Bringing Light to the Dark Corners of the World
By Alyssa Schoeneman, AEL Intern
When it comes to affordable electrical energy, for many impoverished Indian citizens, Patrick Walsh is the light at the end of the tunnel. Pun intended.
Walsh began working on solar-powered lanterns in 2005 while spending a summer in India with a Illinois student organization, Engineers Without Borders (EWB). He received his first funding independent of EWB in 2006, from a US EPA grant, in addition to receiving “tons of assistance from the Technology Entrepreneur Center,” Walsh explained. He graduated in 2007 with a Bachelor of Science in Physics and Bachelor of the Arts in Economics.
“The College of Engineering and Engineers Without Borders opened my eyes to the lives of people I'd never met: hundreds of millions of rural villagers in India living with hazardous and expensive kerosene lamps,” Walsh said. “They inspired me to solve that problem, and the Technology Entrepreneur Center at Illinois helped me see how to solve the problem quickly, using a for-profit business rather than a philanthropic approach.”
Walsh founded Gleenlight Planet, Inc. in 2006 with Illinois Electrical and Computer Engineering '07 graduates Mayank Sekhsaria and Anish Thakkar. The company now employs more than 50 people, who are on location in both China and India.
Greenlight Planet, Inc. combines “cutting-edge technology with innovative distribution networks” to commercialize low-power LED lanterns, its website explains. The new lights are bright, long-lasting and practical, and are affordable enough that villagers can immediately purchase them in cash.
The company’s solar-powered lantern, the Sun King, has no recurring costs and a three-year battery life; it is built tough for village conditions, has a water-sealed construction and comes with a one-year warranty. Walsh and his colleagues are committed to making a long-term difference.
“The desperate need for a better rural energy product has always been the driving factor,” Walsh explained. “We receive e-mails and calls on a daily basis from people who are searching far and wide for a better solution, and we get thank you notes and photos from our customers nearly as often telling us how much the products have helped. The feedback is what keeps us motivated.”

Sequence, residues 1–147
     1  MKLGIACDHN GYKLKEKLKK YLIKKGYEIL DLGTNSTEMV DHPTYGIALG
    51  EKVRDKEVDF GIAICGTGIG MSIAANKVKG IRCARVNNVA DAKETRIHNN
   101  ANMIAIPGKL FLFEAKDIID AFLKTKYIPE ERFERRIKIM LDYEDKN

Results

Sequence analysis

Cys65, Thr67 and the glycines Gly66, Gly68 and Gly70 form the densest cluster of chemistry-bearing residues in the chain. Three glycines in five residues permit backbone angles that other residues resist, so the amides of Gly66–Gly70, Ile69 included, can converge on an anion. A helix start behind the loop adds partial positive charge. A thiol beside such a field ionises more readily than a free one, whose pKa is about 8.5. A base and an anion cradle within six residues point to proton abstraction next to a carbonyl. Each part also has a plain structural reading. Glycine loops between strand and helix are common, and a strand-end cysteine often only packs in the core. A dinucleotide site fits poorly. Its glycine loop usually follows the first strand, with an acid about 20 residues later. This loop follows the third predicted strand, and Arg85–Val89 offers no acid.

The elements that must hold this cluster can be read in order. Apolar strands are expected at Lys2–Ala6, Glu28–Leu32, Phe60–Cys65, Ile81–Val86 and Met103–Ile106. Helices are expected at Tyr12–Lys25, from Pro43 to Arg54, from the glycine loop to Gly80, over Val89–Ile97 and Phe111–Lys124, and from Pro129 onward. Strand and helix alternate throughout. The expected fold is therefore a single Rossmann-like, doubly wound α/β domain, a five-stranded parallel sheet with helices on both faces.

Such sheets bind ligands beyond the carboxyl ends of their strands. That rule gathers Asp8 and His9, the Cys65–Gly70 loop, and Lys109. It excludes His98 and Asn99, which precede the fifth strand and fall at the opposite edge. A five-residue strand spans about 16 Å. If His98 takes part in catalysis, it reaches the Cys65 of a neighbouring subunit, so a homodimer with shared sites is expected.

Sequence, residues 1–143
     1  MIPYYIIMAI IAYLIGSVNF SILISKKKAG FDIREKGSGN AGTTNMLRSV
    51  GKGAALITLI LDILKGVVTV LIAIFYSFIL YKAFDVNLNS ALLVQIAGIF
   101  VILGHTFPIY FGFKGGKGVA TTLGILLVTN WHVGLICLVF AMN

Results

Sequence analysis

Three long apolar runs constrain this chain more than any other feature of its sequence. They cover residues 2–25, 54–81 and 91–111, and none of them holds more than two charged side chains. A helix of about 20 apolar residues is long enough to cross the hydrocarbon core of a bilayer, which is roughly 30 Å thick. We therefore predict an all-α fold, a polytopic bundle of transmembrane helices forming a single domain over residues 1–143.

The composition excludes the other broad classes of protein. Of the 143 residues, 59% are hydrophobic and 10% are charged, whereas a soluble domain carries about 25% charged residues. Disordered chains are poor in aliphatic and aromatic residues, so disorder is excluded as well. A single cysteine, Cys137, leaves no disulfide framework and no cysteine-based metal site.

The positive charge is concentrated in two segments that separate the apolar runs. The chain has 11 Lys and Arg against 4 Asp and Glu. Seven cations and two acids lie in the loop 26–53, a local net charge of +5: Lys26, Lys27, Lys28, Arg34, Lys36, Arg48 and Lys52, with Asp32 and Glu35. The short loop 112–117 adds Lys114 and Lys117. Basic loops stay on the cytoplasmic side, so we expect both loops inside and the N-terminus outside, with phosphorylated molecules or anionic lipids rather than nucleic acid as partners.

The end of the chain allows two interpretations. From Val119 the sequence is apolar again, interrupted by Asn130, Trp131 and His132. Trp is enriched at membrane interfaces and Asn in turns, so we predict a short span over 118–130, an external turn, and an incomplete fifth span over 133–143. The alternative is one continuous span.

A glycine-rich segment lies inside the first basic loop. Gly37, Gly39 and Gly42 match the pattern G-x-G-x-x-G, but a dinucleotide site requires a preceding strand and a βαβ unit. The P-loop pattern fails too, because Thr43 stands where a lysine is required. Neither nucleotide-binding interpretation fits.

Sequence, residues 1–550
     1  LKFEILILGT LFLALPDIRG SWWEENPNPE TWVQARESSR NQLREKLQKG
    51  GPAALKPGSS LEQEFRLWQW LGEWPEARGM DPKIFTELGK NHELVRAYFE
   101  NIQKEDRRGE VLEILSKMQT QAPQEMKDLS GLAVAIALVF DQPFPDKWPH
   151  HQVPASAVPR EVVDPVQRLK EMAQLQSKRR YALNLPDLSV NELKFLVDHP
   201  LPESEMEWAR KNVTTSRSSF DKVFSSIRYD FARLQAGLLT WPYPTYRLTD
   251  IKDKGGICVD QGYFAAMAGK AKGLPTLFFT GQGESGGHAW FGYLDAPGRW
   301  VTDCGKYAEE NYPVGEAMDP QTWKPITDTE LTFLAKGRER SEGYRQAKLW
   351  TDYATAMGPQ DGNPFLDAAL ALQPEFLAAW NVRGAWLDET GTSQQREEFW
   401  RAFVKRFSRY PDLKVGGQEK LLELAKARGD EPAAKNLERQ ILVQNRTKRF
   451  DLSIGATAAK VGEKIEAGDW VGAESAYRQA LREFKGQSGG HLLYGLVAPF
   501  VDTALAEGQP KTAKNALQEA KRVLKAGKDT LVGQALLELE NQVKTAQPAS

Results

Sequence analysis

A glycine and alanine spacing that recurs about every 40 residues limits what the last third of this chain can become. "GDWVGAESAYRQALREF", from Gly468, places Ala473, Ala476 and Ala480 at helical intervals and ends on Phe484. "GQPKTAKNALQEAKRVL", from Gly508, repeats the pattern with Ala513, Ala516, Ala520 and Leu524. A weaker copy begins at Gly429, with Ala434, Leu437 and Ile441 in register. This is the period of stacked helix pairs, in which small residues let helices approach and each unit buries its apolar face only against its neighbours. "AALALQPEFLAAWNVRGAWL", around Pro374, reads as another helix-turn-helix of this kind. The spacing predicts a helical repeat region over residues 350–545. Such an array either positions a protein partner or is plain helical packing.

So what was the hardest part about starting a business?
“At the beginning, especially for first-time entrepreneurs, I think the most difficult thing is checking assumptions in the business model, as lack of confidence can cause us to slow down drastically without even realizing it,” Walsh said. “That often just means getting advice externally on our ideas and vetting them.”
Later on, Walsh speculated, the hard part becomes managing growth of occasional tasks and casual communication into an efficient, large organization while remaining nimble.
“I'll have to get back to you in a year or two on how to do that!” he joked.
For Walsh, he said, the most enjoyable part of the job is the rush of dreaming up a new design or of watching a new design enter the market. And his experiences to date have taught him a lot.
“The first thing I learned is that in many situations, business is a faster and often better mechanism for improving the world than philanthropy,” Walsh said. “The second thing is that you don't need to be a genius or a well-connected ‘business’ person to see a need and build a company to meet the need. It's identifying an idea worth pursuing that is the hard part.”
But Walsh didn’t gain all of his experience in the field; he credits the University of Illinois with preparing him well for his life as a working professional.
“I would have floundered without the steadfast support and mentorship of professors in the Technology Entrepreneur Center, especially Professors Brian Lilly and Andy Singer,” he said. “Together with the Academy for Entrepreneurial Leadership, they have built a community, small but growing, of entrepreneurial initiative at Illinois that is critical to the success of early-stage companies. It is that constant interaction with other entrepreneurs and advisors that validates ideas and lets student entrepreneurs, move forward confidently before they have broad experience.”
And Greenlight Planet, Inc. has not stopped moving forward. The company is currently expanding its distribution network on the ground in India; hundreds of villagers are currently earning additional income by selling Greenlight’s products in their local areas. The company is also expanding its product line to access “even poorer consumers,” and also to include a product that will charge other devices such as mobile phones and radios.
“Light was just the beginning,” Walsh said.
And for Greenlight Planet, Inc., it will be far from the end.